College Drinking Task Force Calls for Research-Based Prevention Programs

Posted: April 18, 2002 at 1:00 am, Last Updated: November 30, -0001 at 12:00 am

By Elena Barbre

The consequences of college drinking are larger and more destructive than commonly realized, according to a new study supported by the National Institute on Alcohol Abuse and Alcoholism (NIAAA). Commissioned by the NIAAA Task Force on College Drinking, the study reveals that drinking by college students ages 18-24 contributes to an estimated 1,400 student deaths, 500,000 injuries, and 70,000 cases of sexual assault or date rape each year. It also estimates that more than one-fourth of college students 18-24 have driven in the past year while under the influence of alcohol.

The study, one of several commissioned by the task force, was conducted by researchers at Boston University, Harvard University, and the U.S. Substance Abuse and Mental Health Services Administration. David Anderson, director of George Mason’s Center for the Advancement of Public Health, was a subcommittee member for the study, which appears in the March 2002 issue of the Journal of Studies on Alcohol.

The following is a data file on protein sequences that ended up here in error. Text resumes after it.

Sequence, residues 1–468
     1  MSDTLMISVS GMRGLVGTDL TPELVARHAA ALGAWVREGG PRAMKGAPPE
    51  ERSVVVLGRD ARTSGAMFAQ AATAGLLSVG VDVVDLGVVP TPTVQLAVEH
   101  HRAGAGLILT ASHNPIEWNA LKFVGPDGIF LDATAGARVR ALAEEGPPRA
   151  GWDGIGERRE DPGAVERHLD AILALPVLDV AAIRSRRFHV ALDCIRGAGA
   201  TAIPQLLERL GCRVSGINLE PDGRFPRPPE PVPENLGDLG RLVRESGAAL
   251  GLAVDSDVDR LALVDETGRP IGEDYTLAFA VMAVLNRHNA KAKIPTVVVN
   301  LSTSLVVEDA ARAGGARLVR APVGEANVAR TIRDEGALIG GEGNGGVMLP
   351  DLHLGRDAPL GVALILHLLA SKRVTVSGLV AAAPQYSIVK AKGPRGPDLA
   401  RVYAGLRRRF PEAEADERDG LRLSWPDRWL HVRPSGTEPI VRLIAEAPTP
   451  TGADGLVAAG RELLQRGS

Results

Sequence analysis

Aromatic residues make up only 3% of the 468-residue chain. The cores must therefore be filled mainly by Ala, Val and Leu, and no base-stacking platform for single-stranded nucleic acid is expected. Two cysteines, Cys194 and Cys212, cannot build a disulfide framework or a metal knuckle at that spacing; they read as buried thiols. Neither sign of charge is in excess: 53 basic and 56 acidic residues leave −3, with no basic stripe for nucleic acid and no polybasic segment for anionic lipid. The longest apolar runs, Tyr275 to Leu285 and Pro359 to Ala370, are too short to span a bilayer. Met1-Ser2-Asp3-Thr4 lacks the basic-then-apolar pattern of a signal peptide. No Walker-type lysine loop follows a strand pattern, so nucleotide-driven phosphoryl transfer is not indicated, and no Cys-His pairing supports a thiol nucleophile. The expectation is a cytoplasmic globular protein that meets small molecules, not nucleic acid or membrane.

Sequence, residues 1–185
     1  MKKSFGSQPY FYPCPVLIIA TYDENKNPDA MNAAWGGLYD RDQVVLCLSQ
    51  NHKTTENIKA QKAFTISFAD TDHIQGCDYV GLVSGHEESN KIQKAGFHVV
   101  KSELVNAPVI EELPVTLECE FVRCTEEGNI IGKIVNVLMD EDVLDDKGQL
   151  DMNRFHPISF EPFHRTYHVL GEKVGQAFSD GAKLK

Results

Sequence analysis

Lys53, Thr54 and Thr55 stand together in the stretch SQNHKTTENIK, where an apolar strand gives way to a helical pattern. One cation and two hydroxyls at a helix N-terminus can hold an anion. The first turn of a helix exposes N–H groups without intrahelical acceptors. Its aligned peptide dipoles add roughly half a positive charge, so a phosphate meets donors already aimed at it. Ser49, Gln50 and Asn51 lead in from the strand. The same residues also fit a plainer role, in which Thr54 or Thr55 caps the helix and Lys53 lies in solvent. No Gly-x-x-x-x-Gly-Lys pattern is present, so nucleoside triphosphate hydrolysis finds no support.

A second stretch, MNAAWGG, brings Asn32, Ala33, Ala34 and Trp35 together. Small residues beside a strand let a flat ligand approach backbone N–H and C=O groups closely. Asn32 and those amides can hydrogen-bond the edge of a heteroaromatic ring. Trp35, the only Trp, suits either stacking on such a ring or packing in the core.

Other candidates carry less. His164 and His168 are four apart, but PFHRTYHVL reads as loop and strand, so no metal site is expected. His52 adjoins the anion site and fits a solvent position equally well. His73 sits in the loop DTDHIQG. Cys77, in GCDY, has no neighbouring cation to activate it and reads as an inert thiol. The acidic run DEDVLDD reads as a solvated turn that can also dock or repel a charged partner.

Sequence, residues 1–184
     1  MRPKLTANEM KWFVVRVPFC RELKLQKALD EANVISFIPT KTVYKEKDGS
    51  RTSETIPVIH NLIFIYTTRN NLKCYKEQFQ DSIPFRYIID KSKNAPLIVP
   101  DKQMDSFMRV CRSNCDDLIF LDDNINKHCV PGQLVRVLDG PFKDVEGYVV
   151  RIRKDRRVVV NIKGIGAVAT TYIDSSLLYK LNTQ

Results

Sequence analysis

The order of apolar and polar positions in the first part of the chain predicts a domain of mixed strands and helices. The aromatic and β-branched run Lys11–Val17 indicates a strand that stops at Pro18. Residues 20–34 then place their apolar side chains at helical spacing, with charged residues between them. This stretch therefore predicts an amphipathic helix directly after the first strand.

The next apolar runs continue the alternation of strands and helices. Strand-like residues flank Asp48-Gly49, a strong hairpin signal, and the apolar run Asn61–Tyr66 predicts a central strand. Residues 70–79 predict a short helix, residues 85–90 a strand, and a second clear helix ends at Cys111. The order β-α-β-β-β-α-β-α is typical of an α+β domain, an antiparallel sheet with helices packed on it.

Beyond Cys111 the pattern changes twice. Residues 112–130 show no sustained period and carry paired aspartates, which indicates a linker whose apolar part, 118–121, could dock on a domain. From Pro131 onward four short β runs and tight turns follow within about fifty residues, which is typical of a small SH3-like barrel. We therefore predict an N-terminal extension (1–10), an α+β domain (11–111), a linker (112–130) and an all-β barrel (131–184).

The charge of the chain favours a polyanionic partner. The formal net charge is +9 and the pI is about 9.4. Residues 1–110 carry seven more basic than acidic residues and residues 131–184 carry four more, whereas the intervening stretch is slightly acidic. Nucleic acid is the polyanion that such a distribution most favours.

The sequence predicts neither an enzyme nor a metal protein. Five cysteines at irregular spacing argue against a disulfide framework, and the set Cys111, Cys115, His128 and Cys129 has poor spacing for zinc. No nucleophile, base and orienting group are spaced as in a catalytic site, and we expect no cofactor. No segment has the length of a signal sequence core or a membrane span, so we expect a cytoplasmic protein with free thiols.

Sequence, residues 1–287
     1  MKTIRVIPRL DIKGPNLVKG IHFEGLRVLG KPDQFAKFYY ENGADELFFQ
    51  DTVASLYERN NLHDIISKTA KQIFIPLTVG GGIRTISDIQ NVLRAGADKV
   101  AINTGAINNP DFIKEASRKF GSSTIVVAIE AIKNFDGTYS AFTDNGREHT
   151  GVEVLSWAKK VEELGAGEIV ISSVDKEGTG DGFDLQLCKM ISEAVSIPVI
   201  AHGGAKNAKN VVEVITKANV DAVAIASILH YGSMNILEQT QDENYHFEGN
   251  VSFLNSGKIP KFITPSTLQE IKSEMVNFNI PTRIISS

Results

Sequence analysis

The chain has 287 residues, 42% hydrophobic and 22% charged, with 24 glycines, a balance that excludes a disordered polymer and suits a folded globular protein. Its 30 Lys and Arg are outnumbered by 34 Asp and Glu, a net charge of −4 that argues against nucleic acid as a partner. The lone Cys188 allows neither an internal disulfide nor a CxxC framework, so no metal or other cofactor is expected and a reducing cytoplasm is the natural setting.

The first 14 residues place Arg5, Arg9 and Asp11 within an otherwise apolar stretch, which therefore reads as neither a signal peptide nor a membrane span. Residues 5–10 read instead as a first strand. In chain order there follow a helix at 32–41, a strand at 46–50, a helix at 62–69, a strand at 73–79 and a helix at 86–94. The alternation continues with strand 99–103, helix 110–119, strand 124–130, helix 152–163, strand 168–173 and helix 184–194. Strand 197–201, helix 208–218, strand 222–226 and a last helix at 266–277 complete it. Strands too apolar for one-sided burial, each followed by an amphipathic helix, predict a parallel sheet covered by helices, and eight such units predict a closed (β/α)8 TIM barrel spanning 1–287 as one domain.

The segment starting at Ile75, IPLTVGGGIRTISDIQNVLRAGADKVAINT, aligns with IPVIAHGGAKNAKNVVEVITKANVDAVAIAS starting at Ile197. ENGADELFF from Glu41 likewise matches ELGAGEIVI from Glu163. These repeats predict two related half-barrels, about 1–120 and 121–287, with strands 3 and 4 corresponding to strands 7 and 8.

The task force’s report, “A Call to Action: Changing the Culture of Drinking at U.S. Colleges,” outlines recommendations for college administrators and researchers to address high-risk college drinking. It calls on NIAAA to support the research community’s efforts to address knowledge gaps and alter the culture of drinking on campus; facilitate long-term research aimed at preventing hazardous student drinking; and impart what is known about the patterns of college drinking and the quality of current interventions to encourage administrators and community leaders to adopt policies and implement strategies based on research.

Anderson codirects the Promising Practices: Campus Alcohol Strategies project, which identifies exemplary alcohol abuse prevention strategies, and has prepared a variety of materials for college alcohol abuse prevention planning that will “help significantly with the implementation of the NIAAA recommendations,” he says.

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